FSFE requires right of access and reuse of hardware

In a open letter to EU legislators signed by 38 organizations, the Free Software Foundation Europe (FSFE) calls for the universal right to install any software on any device. The FSFE argues that this right favors the reuse and longevity of the devices.

As part of several legislative proposals, the European Union is currently redefining eco-design criteria for products within the EU, reports the FSFE. These include the Sustainable Products Initiative, the Circular Electronics Initiative and the Right to Repair Initiative.

The goal of the new regulations is to extend the time of use of the hardware and advance in favor of a circular use of electronic devices. The current ecodesign regulation dates from 2009, informs the FSFE, and does not include criteria related to the nature and licensing of software as an important factor in the sustainability of electronic products. The FSFE writes that the software directly affects how long consumers can continue to use the devices.

The European Union regulator accuses Apple of restricting rivals' access to NFC payment technology in iPhone terminals. The technology giant thus once again demonstrates its proprietary lock-in by limiting the access of its smartphone users to the standard technology that allows contactless payments in stores through mobile devices.

Apple is one of the typical examples of companies that give users the feeling that the devices they have in their possession are not their property. Therefore, the Free Software Foundation Europe is taking a stand by campaigning for the universal right to install any software on any device in an open letter to lawmakers in the European Union.

In the letter sent comment the following:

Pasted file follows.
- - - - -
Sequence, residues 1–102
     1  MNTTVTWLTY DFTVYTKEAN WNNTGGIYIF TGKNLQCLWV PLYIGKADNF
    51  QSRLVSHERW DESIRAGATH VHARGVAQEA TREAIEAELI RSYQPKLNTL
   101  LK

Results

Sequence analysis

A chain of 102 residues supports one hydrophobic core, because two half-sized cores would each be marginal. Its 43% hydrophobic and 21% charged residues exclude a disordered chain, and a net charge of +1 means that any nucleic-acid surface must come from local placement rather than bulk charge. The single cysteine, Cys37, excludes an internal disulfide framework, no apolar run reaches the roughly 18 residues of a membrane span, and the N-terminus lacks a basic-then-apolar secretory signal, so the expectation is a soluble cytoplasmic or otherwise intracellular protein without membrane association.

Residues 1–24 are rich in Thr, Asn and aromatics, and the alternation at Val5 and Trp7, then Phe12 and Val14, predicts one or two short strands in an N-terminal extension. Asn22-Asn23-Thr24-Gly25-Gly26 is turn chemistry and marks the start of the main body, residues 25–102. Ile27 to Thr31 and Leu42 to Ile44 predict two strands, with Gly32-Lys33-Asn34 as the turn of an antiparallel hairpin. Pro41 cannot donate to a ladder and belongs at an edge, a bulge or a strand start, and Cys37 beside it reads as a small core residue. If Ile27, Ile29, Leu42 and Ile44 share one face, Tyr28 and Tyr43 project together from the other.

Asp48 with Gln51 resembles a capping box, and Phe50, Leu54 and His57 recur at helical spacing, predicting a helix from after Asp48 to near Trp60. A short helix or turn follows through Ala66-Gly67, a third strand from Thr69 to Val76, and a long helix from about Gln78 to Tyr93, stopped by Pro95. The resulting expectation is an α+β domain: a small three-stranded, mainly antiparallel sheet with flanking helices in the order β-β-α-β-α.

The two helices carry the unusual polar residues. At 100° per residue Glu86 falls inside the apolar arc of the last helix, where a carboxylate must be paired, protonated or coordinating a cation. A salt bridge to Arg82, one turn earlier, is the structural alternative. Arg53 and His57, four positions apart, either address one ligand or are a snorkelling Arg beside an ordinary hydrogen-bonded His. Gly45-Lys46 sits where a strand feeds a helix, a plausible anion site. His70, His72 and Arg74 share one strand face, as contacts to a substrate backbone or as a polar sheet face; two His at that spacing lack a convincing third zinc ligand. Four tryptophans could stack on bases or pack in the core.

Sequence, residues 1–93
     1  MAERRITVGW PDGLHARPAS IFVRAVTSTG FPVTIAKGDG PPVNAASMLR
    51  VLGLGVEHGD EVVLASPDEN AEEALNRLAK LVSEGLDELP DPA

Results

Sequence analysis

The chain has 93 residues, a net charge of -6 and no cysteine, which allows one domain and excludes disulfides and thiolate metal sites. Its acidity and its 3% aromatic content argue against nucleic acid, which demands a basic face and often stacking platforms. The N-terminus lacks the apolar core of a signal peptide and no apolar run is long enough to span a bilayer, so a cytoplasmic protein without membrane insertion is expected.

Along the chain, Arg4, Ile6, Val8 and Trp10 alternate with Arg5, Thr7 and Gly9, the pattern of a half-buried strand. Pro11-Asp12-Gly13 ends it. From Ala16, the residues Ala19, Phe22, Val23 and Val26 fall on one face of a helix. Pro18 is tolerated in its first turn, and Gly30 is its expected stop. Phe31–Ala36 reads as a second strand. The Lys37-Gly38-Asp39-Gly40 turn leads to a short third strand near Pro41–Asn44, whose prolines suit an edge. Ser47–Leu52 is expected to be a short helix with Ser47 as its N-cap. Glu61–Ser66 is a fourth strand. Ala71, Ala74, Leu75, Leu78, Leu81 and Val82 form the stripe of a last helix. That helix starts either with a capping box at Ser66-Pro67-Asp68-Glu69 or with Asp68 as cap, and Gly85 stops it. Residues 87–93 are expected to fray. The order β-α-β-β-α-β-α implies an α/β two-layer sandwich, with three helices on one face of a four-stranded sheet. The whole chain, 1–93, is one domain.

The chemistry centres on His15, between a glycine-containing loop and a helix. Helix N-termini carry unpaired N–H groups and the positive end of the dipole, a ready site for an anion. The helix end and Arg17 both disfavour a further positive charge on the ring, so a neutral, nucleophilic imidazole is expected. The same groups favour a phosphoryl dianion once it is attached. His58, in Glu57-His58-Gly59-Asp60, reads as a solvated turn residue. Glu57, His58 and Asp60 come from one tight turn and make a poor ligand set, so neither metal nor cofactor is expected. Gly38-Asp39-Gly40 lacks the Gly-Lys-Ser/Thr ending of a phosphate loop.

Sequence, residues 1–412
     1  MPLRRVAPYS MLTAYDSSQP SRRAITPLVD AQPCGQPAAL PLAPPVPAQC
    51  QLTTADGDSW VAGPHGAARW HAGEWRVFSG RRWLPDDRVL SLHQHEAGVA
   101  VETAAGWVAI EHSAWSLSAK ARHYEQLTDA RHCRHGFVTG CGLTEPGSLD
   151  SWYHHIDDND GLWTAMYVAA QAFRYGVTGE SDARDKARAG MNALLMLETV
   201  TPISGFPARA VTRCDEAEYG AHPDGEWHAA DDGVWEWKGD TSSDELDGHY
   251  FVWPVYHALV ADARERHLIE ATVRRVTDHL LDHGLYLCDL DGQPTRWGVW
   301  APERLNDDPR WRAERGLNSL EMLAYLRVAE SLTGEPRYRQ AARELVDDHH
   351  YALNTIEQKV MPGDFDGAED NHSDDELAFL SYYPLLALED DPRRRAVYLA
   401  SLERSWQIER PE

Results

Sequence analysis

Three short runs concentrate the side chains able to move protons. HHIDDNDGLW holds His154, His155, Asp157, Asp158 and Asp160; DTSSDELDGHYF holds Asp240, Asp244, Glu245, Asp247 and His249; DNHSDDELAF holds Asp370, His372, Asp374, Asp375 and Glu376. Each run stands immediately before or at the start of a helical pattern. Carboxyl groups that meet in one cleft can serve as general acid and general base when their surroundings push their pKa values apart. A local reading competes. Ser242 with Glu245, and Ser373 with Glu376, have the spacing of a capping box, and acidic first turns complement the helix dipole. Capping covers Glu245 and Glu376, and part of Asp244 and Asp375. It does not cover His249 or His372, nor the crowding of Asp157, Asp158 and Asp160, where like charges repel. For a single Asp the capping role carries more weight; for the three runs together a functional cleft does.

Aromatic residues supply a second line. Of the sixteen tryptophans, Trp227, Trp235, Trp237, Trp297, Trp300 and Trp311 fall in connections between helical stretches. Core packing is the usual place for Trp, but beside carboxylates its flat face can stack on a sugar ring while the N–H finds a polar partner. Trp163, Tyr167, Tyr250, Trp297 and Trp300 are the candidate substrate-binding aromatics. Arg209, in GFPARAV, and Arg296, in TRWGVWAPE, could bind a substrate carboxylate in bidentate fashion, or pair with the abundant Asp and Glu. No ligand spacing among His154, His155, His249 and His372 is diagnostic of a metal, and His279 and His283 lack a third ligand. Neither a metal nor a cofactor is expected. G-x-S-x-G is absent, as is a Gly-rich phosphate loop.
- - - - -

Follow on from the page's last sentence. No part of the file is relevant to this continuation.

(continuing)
Software design is crucial for eco-design and sustainability of products and materials. Free operating systems and services enable device reuse, redesign, and interoperability. The universal right to freely choose operating systems, software and services is crucial for a more sustainable digital society.

To: European Union legislators
CC: Citizens of the European Union

The ongoing digitization of infrastructure and services comes with an increasing number of electronic devices that are connected to the Internet, whether in private, public or commercial settings. Many of these devices require more energy and natural resources to produce than the energy they consume over their entire lifetime. And too many of these devices go to waste and cannot be repaired simply because the software stops working or is no longer updated.

Once pre-installed software drives users away from their hardware, restrictive ownership models prevent users from enjoying long-term use of their devices. Restrictions range from physical hardware lockdown to technical obscurity through the use of proprietary software and legal restrictions through software licenses and end user license agreements. However, manufacturers often prohibit the repair, access and reuse of their devices. Even after purchase, customers often do not own their devices. They can't do what they want with their own devices. If you can't install the software you want on your own device, you don't really own it.

We, the signatories of this open letter:

recognize that free access to hardware and software determines how long or how often a device can be used or reused;
We declare that greater longevity and reusability of our devices are necessary for a more sustainable digital society.
That is why we are calling on policymakers across Europe to seize the historic opportunity and deliver more sustainable use of electronic products and devices with the right to install and run any software on any device. To do this, we request:

That users have the right to freely choose the operating systems and software that run on their devices

That users have the right to freely choose the service providers to which they connect their devices

That devices are interoperable and compatible with open standards

That the source code of the drivers, tools and interfaces be released under a free license

Among the first to sign You will find repair alliances such as the European Campaign for the Right to Repair, the Repair Roundtable and the Network of Repair Initiatives, which together already represent hundreds of initiatives and associations in the European repair industry. Other signatories include iFixit, Fairphone, Germanwatch, the Open Source Business Alliance, Wikimedia DE, Digitalcourage, the European Digital Rights Initiative, and many more.

Finally, if you are interested in being able to know more about it, you can consult the details in the following link


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